How do I calculate

$$u(w)=\int_0^\infty \frac{1-\cos(wt)}{t}\,e^{-t}\,dt$$

I tried to do it, I use partial integration but I get lost. Is there any nice simple way to calculate it?

  • $\begingroup$ There is a missing left parenthesis. $\endgroup$ – Jean Marie Aug 26 '16 at 21:08
  • 1
    $\begingroup$ Please put the left parenthesis where it is supposed to be and clarify that $u$ has to be intended as a function of the $w$ variable. $\endgroup$ – Jack D'Aurizio Aug 26 '16 at 21:19
  • $\begingroup$ Note that $t$ is only a dummy variable in the integral. Is $w$ (or $\omega$) a parameter or a constant here? $\endgroup$ – Brian Tung Aug 26 '16 at 21:20
  • $\begingroup$ I guess the actual question is to compute $$\frac{d}{dw}\int_{0}^{+\infty}\frac{1-\cos(wt)}{t}e^{-t}\,dt. $$ $\endgroup$ – Jack D'Aurizio Aug 26 '16 at 21:24

For any $w\in\mathbb{R}$, the identity $$ \int_{0}^{+\infty}\frac{1-\cos(wt)}{t}e^{-t}\,dt = \frac{1}{2}\log(1+w^2) \tag{1} $$ follows from the complex version of Frullani's theorem, hence $$ \frac{d}{dw}\int_{0}^{+\infty}\frac{1-\cos(wt)}{t}e^{-t}\,dt = \frac{w}{1+w^2}.\tag{2} $$ You may prove the same by checking first that, by the dominated convergence theorem, we may apply differentiation under the integral sign, leaving us with $$ \frac{d}{dw}\int_{0}^{+\infty}\frac{1-\cos(wt)}{t}e^{-t}\,dt =\int_{0}^{+\infty}t \sin(wt) e^{-t}\,dt \tag{3}$$ where the last integral is easy to compute by integration by parts.


$\int \frac {(1−\cos\omega t)e^{−t}}{t}dt$ cannot be evaluated into elementary functions. You need to get tricky.

$F(s) = \int_0^{\infty} \frac {(1−\cos\omega t)e^{−st}}{t}dt$ and if we can find $F(1)$ we are done.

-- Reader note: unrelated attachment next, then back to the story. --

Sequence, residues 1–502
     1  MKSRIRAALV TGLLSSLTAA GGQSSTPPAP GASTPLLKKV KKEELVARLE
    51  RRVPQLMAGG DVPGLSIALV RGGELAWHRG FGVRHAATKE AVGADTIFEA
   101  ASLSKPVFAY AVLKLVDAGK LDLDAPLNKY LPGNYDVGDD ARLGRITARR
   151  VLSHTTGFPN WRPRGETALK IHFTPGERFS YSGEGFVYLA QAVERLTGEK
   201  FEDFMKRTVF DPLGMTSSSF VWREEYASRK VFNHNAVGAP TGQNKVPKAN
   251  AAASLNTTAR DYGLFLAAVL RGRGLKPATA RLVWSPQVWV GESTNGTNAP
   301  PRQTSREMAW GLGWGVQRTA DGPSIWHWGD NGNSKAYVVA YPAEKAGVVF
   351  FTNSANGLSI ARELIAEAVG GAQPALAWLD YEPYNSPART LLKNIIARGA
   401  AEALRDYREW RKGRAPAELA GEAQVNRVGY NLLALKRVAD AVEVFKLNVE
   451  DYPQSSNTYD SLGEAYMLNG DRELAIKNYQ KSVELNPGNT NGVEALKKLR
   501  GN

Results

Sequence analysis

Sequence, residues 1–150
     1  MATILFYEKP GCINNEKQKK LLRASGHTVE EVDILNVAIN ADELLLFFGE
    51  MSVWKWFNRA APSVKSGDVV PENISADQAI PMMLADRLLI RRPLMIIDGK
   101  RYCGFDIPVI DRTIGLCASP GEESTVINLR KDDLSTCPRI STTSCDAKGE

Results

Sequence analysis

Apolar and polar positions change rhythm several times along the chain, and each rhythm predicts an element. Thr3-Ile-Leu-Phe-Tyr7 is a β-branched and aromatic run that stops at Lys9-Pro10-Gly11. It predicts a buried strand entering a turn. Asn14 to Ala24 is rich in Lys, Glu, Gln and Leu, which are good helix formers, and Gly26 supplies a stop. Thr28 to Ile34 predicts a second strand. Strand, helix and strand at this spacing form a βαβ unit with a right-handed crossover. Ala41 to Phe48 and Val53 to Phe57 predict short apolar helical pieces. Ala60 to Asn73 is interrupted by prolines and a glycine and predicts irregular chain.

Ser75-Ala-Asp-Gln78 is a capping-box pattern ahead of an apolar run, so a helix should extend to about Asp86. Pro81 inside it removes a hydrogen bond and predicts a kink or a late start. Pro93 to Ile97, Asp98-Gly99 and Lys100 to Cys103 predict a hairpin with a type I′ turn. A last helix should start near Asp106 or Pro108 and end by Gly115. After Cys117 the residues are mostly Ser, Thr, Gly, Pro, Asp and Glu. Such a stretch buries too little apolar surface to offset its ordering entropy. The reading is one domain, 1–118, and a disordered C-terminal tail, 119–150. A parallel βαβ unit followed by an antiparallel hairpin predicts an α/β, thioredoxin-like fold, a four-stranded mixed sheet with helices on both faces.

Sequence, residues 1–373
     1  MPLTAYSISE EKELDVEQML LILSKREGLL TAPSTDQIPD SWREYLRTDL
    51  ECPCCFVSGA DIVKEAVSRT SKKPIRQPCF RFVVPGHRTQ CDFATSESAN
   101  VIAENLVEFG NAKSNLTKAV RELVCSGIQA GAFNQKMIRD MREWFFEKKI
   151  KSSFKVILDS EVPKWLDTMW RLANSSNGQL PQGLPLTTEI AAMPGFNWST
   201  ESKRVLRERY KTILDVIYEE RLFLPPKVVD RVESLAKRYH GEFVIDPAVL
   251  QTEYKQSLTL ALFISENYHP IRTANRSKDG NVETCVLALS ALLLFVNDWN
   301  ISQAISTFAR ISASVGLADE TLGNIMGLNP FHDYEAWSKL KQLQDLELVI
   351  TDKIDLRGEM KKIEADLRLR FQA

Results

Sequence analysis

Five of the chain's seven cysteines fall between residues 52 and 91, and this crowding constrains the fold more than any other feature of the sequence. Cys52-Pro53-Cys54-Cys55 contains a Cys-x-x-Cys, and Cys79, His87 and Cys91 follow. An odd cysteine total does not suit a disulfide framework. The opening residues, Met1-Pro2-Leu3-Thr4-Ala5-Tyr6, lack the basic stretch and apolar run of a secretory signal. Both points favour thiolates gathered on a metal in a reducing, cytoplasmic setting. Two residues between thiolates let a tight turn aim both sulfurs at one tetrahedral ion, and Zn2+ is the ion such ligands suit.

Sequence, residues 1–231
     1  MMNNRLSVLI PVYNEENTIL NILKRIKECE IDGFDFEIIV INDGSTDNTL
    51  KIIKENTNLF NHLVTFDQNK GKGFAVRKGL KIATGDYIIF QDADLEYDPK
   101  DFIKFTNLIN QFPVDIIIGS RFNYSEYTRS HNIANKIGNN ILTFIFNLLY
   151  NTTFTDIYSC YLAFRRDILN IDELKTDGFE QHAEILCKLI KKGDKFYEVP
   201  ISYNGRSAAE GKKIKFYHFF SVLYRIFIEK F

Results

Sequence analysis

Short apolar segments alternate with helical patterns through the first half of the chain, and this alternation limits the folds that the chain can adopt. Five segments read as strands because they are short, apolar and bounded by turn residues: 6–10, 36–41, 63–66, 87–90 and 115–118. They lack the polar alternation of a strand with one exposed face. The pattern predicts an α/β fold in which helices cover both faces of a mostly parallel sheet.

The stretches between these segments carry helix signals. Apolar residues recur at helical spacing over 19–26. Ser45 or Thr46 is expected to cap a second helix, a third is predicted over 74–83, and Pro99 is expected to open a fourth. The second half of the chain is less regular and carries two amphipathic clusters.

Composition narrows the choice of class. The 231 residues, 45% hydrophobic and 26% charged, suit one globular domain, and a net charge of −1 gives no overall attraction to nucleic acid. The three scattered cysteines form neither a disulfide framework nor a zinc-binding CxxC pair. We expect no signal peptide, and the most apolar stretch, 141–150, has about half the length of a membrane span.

$\frac {dF}{ds} = $$\int_0^{\infty} -(1−\cos\omega t)e^{−st}dt\\ \frac 1s e^{-st} + \frac {-s\cos\omega te^{−st} + \omega \sin\omega t e^{−st}}{s^2+\omega^2} |_0^\infty\\ -\frac 1s + \frac {s}{s^2+\omega^2}$

$F(\infty) - F(1) = \int_1^{\infty}-\frac 1s + \frac {s}{s^2+\omega^2}\\ F(\infty) - F(1) = -\ln s + \frac 12 (s^2 + \omega^2)|_1^{\infty}$

I am going to leave it to you to prove to yourself that $\lim_\limits{s\to\infty} \ln s + \frac 12 (s^2 + \omega^2) = 0$

$F(\infty) - F(1) = -\frac 12 \ln(1 + \omega^2)$

Going back to the definition of $F$, it should be clear that $F(\infty) = 0$

$F(1) = \frac 12 \ln(1 + \omega^2)$


Here is an approach that does not use Feynman's trick or the Generalized Frullani's Theorem, but rather uses integration by parts ("IBP") along with the well-known integral (See the NOTE at the end of THIS ANSWER$$\int_0^\infty \log(t)e^{-t}\,dt=-\gamma\tag1$$where $\gamma$ is the Euler-Mascheroni constant. It is easy to see from $(1)$ that for $\text{Re}(s)>0$ $$\int_0^\infty \log(t)e^{-st}\,dt=-\frac{\gamma-\log(s)}s\tag2$$

First, by enforcing the substitution $x= t/w$ reveals that

$$\int_0^\infty \frac{1-\cos(wx)}{x}e^{-x}\,dx=\int_0^\infty \frac{1-\cos(t)}{t}e^{-(1/w)t}\,dt$$

Letting $s=1/w$, we have

$$\begin{align} \int_0^{\infty} \left(\frac{1- \cos t}{t}\right)e^{-st}dt&=\int_0^{\infty} (1- \cos t)\left(\frac{d\log(t)}{dt}\right)e^{-st}dt\\\\ &=\int_0^{\infty} \left(e^{-st}- \frac12 e^{-(s+i)t}-\frac12 e^{-(s-i)t}\right)\left(\frac{d\log(t)}{dt}\right)\,dt\\\\ &\overbrace{=}^{IBP}-\int_0^{\infty} \log(t)\frac{d}{dt}\left(e^{-st}- \frac12 e^{-(s+i)t}-\frac12 e^{-(s-i)t}\right) dt\\\\ &=s\int_0^{\infty} \log(t)e^{-st}dt\\\\ &-\frac12(s+i)\int_0^{\infty} \log(t)e^{-(s+i)t}dt\\\\ &-\frac12(s-i)\int_0^{\infty} \log(t)e^{-(s-i)t}dt\\\\ &\overbrace{=}^{\text{Using} (2)}s\left(\frac{-\gamma-\log(s)}{s}\right)\\\\ &-\frac12 (s+i)\left(\frac{-\gamma-\log(s+i)}{s+i}\right)\\\\&-\frac12 (s-i)\left(\frac{-\gamma-\log(s-i)}{s-i}\right)\\\\ &=\frac12 \log\left(\frac{s^2+1}{s^2}\right) \end{align}$$

Finally, replacing $s$ with $1/w$ yields the coveted result

$$\bbox[5px,border:2px solid #C0A000]{\int_0^\infty \frac{1-\cos(wx)}{x}e^{-x}\,dx=\frac12\log\left(1+w^2\right)}$$


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